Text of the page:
2012-02-29 23:46:46 8 Comments

The following code is obviously wrong. What's the problem?

```
i <- 0.1
i <- i + 0.05
i
## [1] 0.15
if(i==0.15) cat("i equals 0.15") else cat("i does not equal 0.15")
## i does not equal 0.15
```

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## 6 comments

## @Erdogan CEVHER 2019-05-25 21:57:38

Generalized comparisons ("<=", ">=", "=") in double precion arithmetic:

Comparing a <= b:Comparing a >= b:Comparing a = b:## @Elias EstatisticsEU 2019-02-22 16:46:01

I had a similar problem. I used the following solution.

output of unequal cut intervals based on options(digits = 2):

output of equal cut intervals based on round function:

## @sbha 2018-11-09 03:31:18

`dplyr::near()`

is an option for testing if two vectors of floating point numbers are equal. This is the example from the docs:The function has a built in tolerance parameter:

`tol = .Machine$double.eps^0.5`

that can be adjusted. The default parameter is the same as the default for`all.equal()`

.## @Brian Diggs 2012-02-29 23:49:55

## General (language agnostic) reason

Since not all numbers can be represented exactly in IEEE floating point arithmetic (the standard that almost all computers use to represent decimal numbers and do math with them), you will not always get what you expected. This is especially true because some values which are simple, finite decimals (such as 0.1 and 0.05) are not represented exactly in the computer and so the results of arithmetic on them may not give a result that is identical to a direct representation of the "known" answer.

This is a well known limitation of computer arithmetic and is discussed in several places:

ACM Computing Surveys23, 1 (1991-03), 5-48 doi>10.1145/103162.103163 (revision also available)## Comparing scalars

The standard solution to this in

`R`

is not to use`==`

, but rather the`all.equal`

function. Or rather, since`all.equal`

gives lots of detail about the differences if there are any,`isTRUE(all.equal(...))`

.yields

Some more examples of using

`all.equal`

instead of`==`

(the last example is supposed to show that this will correctly show differences).Some more detail, directly copied from an answer to a similar question:

The problem you have encountered is that floating point cannot represent decimal fractions exactly in most cases, which means you will frequently find that exact matches fail.

while R lies slightly when you say:

You can find out what it really thinks in decimal:

You can see these numbers are different, but the representation is a bit unwieldy. If we look at them in binary (well, hex, which is equivalent) we get a clearer picture:

You can see that they differ by

`2^-53`

, which is important because this number is the smallest representable difference between two numbers whose value is close to 1, as this is.We can find out for any given computer what this smallest representable number is by looking in R's machine field:

You can use this fact to create a 'nearly equals' function which checks that the difference is close to the smallest representable number in floating point. In fact this already exists:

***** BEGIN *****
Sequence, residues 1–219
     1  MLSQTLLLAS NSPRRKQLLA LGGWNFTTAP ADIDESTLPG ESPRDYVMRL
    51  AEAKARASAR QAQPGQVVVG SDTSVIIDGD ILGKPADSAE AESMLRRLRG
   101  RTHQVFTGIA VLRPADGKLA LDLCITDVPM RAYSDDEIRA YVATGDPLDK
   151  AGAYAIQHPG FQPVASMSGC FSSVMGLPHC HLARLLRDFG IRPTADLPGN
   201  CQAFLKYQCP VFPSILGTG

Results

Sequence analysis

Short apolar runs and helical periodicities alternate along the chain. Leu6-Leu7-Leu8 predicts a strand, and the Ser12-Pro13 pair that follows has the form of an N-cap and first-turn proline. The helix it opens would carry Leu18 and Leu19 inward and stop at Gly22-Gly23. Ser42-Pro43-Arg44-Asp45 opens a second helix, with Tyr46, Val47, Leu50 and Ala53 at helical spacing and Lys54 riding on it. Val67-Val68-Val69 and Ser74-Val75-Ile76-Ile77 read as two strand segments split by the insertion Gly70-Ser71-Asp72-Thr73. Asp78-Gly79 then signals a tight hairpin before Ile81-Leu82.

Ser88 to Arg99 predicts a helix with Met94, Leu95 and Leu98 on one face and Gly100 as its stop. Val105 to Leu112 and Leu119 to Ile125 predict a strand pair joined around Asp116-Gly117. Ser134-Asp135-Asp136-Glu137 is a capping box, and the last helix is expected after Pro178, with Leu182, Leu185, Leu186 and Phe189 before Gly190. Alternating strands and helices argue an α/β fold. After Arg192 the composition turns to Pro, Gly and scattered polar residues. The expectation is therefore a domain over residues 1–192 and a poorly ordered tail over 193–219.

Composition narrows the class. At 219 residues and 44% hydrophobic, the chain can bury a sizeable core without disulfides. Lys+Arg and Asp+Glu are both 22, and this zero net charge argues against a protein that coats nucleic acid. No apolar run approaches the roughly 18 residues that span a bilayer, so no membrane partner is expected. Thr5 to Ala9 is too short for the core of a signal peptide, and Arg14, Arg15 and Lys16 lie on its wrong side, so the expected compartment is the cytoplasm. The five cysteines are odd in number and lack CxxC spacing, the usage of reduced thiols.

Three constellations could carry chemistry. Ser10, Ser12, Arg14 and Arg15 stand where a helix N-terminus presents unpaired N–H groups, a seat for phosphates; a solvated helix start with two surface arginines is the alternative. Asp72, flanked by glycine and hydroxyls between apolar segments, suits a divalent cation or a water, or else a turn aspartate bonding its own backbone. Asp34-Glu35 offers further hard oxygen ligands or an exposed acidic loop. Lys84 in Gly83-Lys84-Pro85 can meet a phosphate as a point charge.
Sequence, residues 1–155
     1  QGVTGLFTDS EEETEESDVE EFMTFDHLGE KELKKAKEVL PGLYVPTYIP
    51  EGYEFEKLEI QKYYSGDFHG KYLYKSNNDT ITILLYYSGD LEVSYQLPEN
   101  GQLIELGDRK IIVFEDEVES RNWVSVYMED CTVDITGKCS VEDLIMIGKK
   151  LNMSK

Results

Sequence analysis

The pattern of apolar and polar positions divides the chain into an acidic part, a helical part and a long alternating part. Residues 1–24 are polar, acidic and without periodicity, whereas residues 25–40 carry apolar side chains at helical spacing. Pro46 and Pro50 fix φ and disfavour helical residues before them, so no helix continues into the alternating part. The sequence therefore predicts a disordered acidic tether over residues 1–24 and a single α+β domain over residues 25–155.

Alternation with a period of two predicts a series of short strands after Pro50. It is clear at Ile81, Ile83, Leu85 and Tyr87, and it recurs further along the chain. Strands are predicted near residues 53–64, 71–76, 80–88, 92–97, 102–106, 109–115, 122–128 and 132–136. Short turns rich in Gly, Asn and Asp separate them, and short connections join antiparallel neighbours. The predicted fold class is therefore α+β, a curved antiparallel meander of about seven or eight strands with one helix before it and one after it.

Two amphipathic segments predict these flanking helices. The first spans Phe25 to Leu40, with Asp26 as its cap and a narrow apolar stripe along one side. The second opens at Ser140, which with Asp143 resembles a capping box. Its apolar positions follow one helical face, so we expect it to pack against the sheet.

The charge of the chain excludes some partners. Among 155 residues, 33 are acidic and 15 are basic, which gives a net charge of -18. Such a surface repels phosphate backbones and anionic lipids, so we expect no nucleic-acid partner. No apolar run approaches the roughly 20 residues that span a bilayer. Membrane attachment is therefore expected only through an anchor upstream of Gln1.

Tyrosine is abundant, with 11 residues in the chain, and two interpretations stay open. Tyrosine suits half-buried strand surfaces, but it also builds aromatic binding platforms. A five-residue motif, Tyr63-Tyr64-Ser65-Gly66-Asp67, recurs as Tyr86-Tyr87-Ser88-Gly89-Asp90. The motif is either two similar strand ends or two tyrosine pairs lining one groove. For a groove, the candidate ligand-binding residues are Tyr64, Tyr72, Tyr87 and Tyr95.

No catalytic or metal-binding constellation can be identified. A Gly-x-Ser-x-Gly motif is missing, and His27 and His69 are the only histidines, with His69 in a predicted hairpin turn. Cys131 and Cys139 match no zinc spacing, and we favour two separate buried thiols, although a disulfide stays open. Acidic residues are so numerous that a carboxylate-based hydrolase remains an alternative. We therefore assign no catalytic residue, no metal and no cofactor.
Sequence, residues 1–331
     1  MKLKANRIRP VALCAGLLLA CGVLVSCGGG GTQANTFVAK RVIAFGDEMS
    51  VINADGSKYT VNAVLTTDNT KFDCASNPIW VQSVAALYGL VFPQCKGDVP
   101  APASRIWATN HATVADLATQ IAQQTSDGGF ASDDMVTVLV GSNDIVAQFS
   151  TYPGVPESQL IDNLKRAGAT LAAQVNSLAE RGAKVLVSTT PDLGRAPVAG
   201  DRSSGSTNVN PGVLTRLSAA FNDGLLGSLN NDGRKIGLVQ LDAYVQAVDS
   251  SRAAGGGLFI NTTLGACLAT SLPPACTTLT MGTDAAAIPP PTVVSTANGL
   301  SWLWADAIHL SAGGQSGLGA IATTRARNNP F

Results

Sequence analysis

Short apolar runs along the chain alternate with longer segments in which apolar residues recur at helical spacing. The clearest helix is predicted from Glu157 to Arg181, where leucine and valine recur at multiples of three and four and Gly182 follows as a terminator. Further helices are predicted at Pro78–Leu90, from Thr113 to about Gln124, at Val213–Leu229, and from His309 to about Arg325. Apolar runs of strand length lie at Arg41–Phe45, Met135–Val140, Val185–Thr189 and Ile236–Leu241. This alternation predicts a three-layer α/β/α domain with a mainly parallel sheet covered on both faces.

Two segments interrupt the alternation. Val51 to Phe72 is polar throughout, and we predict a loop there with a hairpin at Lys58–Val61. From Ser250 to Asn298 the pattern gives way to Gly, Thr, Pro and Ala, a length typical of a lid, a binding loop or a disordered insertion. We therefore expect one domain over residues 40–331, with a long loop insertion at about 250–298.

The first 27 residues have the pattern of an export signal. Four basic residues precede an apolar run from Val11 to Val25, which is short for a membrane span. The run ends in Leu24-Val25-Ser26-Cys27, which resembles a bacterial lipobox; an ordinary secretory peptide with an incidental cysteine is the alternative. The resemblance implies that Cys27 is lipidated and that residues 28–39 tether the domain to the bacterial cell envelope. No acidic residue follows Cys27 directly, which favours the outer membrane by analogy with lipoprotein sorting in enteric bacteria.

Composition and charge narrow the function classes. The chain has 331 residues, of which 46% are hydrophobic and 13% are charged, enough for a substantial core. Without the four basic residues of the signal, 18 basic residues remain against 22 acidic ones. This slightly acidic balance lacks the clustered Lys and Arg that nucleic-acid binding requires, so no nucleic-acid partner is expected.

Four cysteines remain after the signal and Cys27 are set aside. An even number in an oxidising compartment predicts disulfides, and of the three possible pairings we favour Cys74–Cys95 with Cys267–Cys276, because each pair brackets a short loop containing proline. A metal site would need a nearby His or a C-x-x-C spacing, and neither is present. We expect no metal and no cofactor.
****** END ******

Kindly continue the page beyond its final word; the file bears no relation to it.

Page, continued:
`all.equal`

.So the all.equal function is actually checking that the difference between the numbers is the square root of the smallest difference between two mantissas.

This algorithm goes a bit funny near extremely small numbers called denormals, but you don't need to worry about that.

## Comparing vectors

The above discussion assumed a comparison of two single values. In R, there are no scalars, just vectors and implicit vectorization is a strength of the language. For comparing the value of vectors element-wise, the previous principles hold, but the implementation is slightly different.

`==`

is vectorized (does an element-wise comparison) while`all.equal`

compares the whole vectors as a single entity.Using the previous examples

`==`

does not give the "expected" result and`all.equal`

does not perform element-wiseRather, a version which loops over the two vectors must be used

If a functional version of this is desired, it can be written

which can be called as just

Alternatively, instead of wrapping

`all.equal`

in even more function calls, you can just replicate the relevant internals of`all.equal.numeric`

and use implicit vectorization:## @Hillary Sanders 2013-09-07 01:09:33

This is hackish, but quick:

## @smci 2018-05-28 11:25:42

But you can use the

`all.equal(... tolerance)`

parameter.`all.equal(0.147, 0.15, tolerance=0.05)`

is TRUE.## @Tyler Rinker 2012-02-29 23:56:00

Adding to Brian's comment (which is the reason) you can over come this by using

`all.equal`

instead:Per Joshua's warning here is the updated code (Thanks Joshua):## @Tyler Rinker 2012-02-29 23:57:21

I missed Brian's link which explains my response succinctly.

## @Joshua Ulrich 2012-03-01 00:49:18

`all.equal`

doesn't return`FALSE`

when there are differences, so you need to wrap it with`isTRUE`

when using it in an`if`

statement.